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How often do you read about cyber attacks in the news? How about identity theft? Reporters discuss these topics almost daily. If you’ve tuned into these discussions, you might have heard about SSL certificates. Other than relating to website security, do you know what an SSL certificate is? Do you know how it helps protect your sensitive information? If you’re a business owner, do you know how it can affect your business?

In this article, we’ll discuss what an SSL certificate is, what it does, what SSL stands for, how it relates to HTTPS, and why your business needs an SSL certificate.

What Does “SSL” Mean?

SSL stands for “secure sockets layer.” It is a type of encryption—like a secret code. When you enter personal information on a website like your name, address and credit card number, the SSL jumbles the information so it’s unreadable on the journey from your computer to the website you’re interacting with.

Compare it to the standard postal service. You’d never send cash through the mail because too many people have the opportunity to steal the envelope from when you drop it in the mailbox to when it reaches its recipient. SSL would be like a giant safe that travels with the letter until it reaches the recipient, who has the one and only key to unlock it.

What’s an SSL Certificate?

An SSL certificate is a credential proving that the party receiving your information online is who they say they are.

In our example above, think of the SSL certificate as showing your ID to pick up a package. Typically, an SSL certificate contains information like:

  • website domain name
  • company name
  • address
  • city
  • state
  • country
  • SSL expiration date

How Does SSL Work?

Say that you’ve been searching for months and finally found the perfect decoration for your office. You go to the website, add the item to your shopping cart and check out. During the checkout process, you enter your name, shipping information and credit card information. When you submit the information for the sale, it gets transferred to the seller who uses it to process the sale.

Between when you type your information and the seller receives it, it’s extremely vulnerable. Anyone could get their hands on the information and steal your name, address and credit card information. Once they have it, they could use it drain your bank account, or they could sell it to someone on the dark web looking for personal information.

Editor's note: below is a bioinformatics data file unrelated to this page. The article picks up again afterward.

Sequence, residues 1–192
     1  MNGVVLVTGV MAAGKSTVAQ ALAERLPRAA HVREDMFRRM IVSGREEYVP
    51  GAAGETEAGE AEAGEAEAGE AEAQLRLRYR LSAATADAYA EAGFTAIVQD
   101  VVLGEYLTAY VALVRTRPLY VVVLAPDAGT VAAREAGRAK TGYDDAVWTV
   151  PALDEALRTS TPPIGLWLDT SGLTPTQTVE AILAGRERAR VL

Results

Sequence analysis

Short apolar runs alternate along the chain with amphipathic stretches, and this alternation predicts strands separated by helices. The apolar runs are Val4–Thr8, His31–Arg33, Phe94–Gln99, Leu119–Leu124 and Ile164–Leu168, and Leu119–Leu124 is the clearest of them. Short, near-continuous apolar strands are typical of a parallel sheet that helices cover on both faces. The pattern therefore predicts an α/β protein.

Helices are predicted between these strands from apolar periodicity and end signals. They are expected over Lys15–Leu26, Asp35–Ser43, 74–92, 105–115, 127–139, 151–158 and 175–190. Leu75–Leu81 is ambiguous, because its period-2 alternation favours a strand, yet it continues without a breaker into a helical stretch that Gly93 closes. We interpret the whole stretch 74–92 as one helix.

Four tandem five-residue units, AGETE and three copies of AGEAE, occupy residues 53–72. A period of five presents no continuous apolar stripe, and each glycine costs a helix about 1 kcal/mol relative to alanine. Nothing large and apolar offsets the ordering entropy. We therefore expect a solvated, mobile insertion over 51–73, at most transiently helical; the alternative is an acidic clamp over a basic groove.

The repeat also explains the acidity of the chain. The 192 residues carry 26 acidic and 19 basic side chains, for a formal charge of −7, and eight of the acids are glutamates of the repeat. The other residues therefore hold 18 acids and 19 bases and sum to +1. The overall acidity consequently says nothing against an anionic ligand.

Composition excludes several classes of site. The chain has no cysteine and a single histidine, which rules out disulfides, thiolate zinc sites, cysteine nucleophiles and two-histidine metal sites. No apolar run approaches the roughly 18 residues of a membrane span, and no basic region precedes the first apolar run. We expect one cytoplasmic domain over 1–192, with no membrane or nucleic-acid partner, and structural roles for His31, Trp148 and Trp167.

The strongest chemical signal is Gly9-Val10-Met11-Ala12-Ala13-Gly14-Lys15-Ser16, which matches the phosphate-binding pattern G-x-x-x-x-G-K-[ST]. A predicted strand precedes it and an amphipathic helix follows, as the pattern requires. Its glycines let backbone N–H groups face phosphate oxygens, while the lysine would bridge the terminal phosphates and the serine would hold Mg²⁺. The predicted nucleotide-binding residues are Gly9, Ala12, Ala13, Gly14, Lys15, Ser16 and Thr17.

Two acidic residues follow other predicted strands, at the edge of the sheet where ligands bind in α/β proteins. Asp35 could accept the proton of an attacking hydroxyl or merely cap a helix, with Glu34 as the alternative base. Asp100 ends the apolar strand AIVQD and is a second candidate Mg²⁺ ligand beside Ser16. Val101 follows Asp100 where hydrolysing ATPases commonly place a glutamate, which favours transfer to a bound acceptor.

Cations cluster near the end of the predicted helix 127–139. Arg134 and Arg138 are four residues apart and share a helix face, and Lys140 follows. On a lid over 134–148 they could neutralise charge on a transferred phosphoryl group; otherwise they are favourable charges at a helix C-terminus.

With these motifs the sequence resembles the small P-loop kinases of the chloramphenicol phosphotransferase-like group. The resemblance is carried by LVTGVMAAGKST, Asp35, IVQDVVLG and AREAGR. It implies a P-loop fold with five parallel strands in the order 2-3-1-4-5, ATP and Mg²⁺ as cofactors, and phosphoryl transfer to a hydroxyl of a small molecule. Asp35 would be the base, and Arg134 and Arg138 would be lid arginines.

SSL scrambles the information you entered to buy the office decoration, so no one can decipher the code except for the intended recipient. On the other end of the transaction, the recipient has a key to interpret the code. The SSL certificate proves the seller uses encryption to create a secure connection between the browser and the server.

How Does SSL Relate to HTTPS?

You may have noticed that when you’ve gone to a website, sometimes the URL has automatically changed from http://www to https://www. The “s” added to the URL indicates that the site is secure, most often with SSL or Transport Layers Security (TSL).

You can tell that a site is secured by any of the following:

  • padlock in the address bar
  • https
  • green address bar

Why Do I Need an SSL Certificate for My Business Website?

Having an SSL certificate gives your customers peace of mind when visiting, sharing information and purchasing items from your website. When you’re working with a business, don’t you want to know that your information is going to be safe?

Even more importantly, if you don’t have a secure website, potential customers may not be able to find your business online. Google places a lot of emphasis on secure websites and trying to make the internet a safer place. To meet its goal, Google promotes pages it knows are safe in its search results. Having a website secured with SSL gives your business a better chance of making it to the coveted first page of Google Search results.

Not only that, Google will show a “Website Not Secure” warning page to Chrome users if your site doesn’t have a valid SSL certificate. This will deter most users from visiting your site, costing you countless opportunities.

You can’t afford not to have a secure site.

Questions About SSL and SSL Certificates?

Do you need to add SSL encryption to your website? Need help with your SSL certificate? Contact 360ideas today. Our team can help answer all of your questions about SSL and SSL certificates.